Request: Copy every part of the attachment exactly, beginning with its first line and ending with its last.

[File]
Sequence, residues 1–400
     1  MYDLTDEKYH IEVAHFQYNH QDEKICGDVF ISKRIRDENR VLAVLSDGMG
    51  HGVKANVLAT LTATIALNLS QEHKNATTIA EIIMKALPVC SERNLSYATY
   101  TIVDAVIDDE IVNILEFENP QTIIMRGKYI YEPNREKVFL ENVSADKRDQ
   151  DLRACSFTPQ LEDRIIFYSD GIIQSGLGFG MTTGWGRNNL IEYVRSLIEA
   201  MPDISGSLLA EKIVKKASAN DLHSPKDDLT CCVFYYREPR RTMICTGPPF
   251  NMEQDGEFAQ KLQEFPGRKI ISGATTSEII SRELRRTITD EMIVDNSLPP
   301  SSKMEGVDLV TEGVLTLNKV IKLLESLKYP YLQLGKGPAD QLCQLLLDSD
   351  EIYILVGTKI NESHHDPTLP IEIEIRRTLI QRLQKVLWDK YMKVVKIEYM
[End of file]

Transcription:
Sequence, residues 1–400
     1  MYDLTDEKYH IEVAHFQYNH QDEKICGDVF ISKRIRDENR VLAVLSDGMG
    51  HGVKANVLAT LTATIALNLS QEHKNATTIA EIIMKALPVC SERNLSYATY
   101  TIVDAVIDDE IVNILEFENP QTIIMRGKYI YEPNREKVFL ENVSADKRDQ
   151  DLRACSFTPQ LEDRIIFYSD GIIQSGLGFG MTTGWGRNNL IEYVRSLIEA
   201  MPDISGSLLA EKIVKKASAN DLHSPKDDLT CCVFYYREPR RTMICTGPPF
   251  NMEQDGEFAQ KLQEFPGRKI ISGATTSEII SRELRRTITD EMIVDNSLPP
   301  SSKMEGVDLV TEGVLTLNKV IKLLESLKYP YLQLGKGPAD QLCQLLLDSD
   351  EIYILVGTKI NESHHDPTLP IEIEIRRTLI QRLQKVLWDK YMKVVKIEYM